“My understanding is that if you speak out about something… you’ll just be fired, for whatever other reason,” Hale said.
Fout explained that the painters placed at risk were employees of Monroe Painting, SJC’s subcontractor. Because Stanford did not directly employ Monroe Painters, Fout said, the University had neither the power to follow up with workers nor the legal authority to require workers be tested for lead exposure.
Under Fout’s direction, EH&S initiated an immediate cleanup of Escondido Village, contrary to Student Housing’s initial stance that nothing was amiss.
Wilson and his daughter watched from their backyard as the abatement “outside contractor” crews picked up lead-based paint chips — some of them with their bare hands — from the public open spaces of EV.
Fout explained that no license is required to clean up lead-based contaminants, and the decision to provide workers with personal protective equipment is based on an exposure assessment done by the company contracted to do the abatement work. In this case, he said, “the risk of exposure picking up paint chips is relatively low.”
On Aug. 2, 2013, Residential and Dining Enterprises finally announced the lead exposure — and R&DE’s cleanup efforts — in an email to EV residents:
“It has been brought to my attention by some thoughtful residents that the actions of a painting contractor in Escondido Village may have disturbed some older paint,” wrote Mike VanFossen, who was, at the time, the Project Manager from Student Housing overseeing the project. “Some small paint chips or flakes have fallen away from the mats laid down to catch the material on the patios, and we will be making immediate efforts to clean up that residue.”
VanFossen wrote that there was no reason to believe there had been “problematic” exposure to the lead-based paint. He cited Wilson’s test results as proof: “As further reassurance, some testing has already been done, and several of the tests came back negative.” There was no mention of the two tests that came back positive.
History of issues with lead exposure
Lead exposure has been an issue for Stanford in the past. In October 1994, Stanford paid $166,265 to settle with Sarah Dennison-Leonard J.D. ’94 and her family over a lawsuit alleging their 1-year-old daughter had been exposed to lead paint at the family’s graduate residence in Escondido Village.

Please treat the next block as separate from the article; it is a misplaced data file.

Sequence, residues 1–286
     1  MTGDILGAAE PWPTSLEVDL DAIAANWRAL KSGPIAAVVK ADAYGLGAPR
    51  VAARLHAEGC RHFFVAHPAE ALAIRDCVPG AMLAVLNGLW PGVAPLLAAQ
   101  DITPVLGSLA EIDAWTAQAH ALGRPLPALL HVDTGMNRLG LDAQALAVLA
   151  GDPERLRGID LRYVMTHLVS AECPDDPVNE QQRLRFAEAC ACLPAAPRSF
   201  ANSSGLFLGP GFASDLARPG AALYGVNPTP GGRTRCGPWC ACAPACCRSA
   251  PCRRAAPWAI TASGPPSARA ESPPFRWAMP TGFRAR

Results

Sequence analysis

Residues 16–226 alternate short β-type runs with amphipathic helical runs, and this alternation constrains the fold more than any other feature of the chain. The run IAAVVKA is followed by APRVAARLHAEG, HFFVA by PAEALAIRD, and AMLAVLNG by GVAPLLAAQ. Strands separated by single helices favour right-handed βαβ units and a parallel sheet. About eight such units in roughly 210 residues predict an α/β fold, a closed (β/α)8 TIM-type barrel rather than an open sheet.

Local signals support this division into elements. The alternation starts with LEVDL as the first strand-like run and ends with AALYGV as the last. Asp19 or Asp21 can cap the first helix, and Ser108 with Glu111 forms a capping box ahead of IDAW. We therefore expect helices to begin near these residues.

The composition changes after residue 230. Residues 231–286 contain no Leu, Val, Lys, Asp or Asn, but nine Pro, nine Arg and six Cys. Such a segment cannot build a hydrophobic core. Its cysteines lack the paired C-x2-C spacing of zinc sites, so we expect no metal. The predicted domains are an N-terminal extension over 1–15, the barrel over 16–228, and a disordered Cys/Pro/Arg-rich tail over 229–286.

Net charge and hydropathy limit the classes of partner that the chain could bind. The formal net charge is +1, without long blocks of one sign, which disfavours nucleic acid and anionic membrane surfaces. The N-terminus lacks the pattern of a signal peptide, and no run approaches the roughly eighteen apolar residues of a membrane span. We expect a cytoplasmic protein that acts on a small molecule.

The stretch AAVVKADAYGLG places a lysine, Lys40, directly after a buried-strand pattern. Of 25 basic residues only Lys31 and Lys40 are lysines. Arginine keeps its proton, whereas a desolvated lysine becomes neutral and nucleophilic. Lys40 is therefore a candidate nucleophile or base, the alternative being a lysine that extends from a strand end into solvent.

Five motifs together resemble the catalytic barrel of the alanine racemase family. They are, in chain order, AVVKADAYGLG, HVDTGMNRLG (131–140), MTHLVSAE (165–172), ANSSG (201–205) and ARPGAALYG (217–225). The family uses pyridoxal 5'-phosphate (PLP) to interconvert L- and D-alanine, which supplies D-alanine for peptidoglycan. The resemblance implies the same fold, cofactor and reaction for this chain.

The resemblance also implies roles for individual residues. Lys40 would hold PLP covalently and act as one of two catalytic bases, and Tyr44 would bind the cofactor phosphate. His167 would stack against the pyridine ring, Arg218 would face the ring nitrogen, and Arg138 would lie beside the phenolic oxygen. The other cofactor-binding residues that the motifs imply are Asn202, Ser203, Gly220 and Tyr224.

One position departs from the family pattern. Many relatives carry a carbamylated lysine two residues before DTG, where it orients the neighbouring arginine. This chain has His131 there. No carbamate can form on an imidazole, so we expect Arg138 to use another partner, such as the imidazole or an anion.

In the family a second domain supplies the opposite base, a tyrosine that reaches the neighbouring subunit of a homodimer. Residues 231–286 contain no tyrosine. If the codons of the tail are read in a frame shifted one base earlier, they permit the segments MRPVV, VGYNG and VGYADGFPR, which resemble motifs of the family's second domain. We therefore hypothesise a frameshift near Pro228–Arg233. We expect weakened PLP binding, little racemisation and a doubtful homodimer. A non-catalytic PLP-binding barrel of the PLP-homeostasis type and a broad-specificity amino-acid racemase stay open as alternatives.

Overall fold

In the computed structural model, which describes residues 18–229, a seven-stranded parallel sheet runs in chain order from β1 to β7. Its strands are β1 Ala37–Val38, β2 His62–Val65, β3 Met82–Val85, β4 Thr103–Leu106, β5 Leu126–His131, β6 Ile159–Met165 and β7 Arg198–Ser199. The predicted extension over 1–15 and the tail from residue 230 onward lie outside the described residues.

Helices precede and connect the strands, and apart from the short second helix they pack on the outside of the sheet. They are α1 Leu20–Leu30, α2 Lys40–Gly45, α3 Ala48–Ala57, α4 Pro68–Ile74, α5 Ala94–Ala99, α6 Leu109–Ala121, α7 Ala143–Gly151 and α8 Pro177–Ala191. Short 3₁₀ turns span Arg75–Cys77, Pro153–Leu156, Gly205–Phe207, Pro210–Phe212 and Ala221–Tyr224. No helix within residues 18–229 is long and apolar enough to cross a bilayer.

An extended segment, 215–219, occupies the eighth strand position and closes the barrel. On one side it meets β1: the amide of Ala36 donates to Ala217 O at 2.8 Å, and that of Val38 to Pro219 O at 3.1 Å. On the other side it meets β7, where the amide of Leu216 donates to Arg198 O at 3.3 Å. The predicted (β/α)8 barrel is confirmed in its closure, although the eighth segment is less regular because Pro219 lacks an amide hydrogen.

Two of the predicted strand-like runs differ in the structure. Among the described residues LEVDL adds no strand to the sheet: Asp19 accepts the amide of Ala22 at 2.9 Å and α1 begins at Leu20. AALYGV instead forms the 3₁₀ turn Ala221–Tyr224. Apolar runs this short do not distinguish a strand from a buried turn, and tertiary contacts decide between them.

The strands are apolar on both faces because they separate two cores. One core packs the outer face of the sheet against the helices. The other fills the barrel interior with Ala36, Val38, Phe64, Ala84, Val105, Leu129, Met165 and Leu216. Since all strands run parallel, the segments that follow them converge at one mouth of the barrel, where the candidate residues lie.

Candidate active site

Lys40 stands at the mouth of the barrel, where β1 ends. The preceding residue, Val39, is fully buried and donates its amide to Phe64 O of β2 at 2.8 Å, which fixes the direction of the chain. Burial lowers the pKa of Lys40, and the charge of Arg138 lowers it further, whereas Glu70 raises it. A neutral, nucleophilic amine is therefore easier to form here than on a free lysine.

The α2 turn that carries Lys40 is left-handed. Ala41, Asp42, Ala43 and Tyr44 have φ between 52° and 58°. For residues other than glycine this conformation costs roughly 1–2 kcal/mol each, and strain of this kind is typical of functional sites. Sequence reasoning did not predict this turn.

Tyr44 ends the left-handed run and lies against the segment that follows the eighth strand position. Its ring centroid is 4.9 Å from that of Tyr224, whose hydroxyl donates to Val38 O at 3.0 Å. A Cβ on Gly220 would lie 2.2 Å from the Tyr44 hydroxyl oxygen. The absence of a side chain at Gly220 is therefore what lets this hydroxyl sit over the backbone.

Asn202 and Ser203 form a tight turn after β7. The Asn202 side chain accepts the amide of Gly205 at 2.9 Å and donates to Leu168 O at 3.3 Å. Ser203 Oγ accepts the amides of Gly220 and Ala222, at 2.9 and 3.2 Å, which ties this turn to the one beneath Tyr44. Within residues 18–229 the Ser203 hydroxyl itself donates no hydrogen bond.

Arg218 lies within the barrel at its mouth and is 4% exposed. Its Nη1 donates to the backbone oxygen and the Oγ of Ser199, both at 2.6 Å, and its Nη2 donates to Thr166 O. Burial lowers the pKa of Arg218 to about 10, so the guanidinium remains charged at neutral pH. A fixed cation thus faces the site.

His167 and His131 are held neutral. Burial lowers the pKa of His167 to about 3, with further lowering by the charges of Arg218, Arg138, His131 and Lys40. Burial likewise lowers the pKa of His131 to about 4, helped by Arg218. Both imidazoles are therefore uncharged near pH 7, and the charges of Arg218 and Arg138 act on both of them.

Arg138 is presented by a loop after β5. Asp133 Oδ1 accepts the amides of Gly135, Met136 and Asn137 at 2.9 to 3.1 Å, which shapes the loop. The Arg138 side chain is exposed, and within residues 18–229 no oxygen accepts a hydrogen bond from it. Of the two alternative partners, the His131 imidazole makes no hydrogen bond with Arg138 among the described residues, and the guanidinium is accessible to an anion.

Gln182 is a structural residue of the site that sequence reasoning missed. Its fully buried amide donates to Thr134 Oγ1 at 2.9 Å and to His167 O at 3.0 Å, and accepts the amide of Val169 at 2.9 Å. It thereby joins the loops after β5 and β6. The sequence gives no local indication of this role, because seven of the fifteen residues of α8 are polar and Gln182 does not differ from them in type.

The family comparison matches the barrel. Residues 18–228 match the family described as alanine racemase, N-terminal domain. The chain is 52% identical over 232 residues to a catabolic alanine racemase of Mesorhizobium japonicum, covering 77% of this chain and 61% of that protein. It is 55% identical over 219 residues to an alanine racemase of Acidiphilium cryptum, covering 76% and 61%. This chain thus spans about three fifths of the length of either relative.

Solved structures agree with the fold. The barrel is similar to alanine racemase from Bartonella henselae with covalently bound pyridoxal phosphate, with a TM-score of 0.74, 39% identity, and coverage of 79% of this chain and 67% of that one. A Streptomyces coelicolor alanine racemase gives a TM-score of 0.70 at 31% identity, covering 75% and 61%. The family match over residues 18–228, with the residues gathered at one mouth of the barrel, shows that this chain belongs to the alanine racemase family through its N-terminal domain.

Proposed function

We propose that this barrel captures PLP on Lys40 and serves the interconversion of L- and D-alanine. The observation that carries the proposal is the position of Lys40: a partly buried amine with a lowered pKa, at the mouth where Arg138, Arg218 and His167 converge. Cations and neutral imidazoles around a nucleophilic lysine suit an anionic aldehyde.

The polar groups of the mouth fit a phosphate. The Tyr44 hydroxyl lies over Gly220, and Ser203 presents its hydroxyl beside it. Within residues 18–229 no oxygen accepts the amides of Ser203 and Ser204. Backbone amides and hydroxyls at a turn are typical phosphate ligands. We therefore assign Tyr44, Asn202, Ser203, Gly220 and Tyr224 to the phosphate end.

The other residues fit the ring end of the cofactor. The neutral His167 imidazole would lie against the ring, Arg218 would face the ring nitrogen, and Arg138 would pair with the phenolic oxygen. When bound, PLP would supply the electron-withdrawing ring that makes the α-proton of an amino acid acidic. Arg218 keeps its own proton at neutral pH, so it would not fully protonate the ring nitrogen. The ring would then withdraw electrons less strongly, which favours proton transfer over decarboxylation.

The plaintiffs alleged that Stanford had violated Proposition 65, the 1986 Safe Drinking Water and Toxic Enforcement Act, declaring that Stanford had “failed to give clear and reasonable warning to student families residing at Stanford’s Escondido Village Housing Complex and to the parents of students enrolled in Escondido Village Childcare facilities who have allegedly been exposed to lead.”
“They denied everything,” Charles Dennison-Leonard said. “[Stanford] had galvanized swing sets but they had painted them, and that was one of the exposures. Paint was flaking off into the sand pit.” Dennison-Leonard said that Stanford had not adequately cleaned up the paint, citing Stanford’s action to change the sand in the sand pits after the settlement in 1994 without removing the swingset.
Wilson maintains that, by not responding to his complaints, Stanford violated Section 10 of the settlement agreement, which states, “Stanford agrees to inspect apartments within five working days of a report to the Escondido Village Facilities Office by a resident of peeling, flaking or bubbled paint, and promptly notify the resident of the results of the inspection in writing.”
Seven years ago, Glenn Wilson applied to the Engineering Department at Stanford hoping to study how the construction process could better address workers’ needs. He imagined Stanford would model relationships between laborers and management and exemplify safe, responsible construction.
He never imagined his children would be exposed to lead.
Almost two years after the paint removal in EV, Monroe’s trucks still appear on campus. Wilson pulls out his iPhone and scrolls to a picture of a Monroe Painting truck. “I took this photo last week,” he said on May 7, 2015. While R&DE has the power to stop working with companies that violate rules and regulations dictated in their contract, Monroe’s trucks still appear on campus.
Fout maintains that Monroe Painting is to blame for the incident, yet the contracting process gives Stanford the power to dictate the rules and regulations construction companies have to follow. Moreover, as a private entity, the University can elect not to award jobs to contractors who regularly violate such regulations.
Glenn Wilson said he has spent the last two years trying to get Stanford to take responsibility for exposing hundreds of EV residents and dozens of construction workers to dangerous amounts of lead. Two years ago, Glenn Wilson contacted the Dennison-Leonards to ask for guidance in his dealing with the University.
“I can’t say that we were surprised, when we were contacted two years ago in 2013,” Charles Dennison-Leonard said. “The most important thing to Stanford was to deny wrongdoing and stonewall.”
“We did hope that the problem would just be dealt with instead of contained from a publicity approach. So there’s a little disappointment.”
Taylor Brady contributed to this report.
Contact Reade Levinson at readel ‘at’ stanford.edu.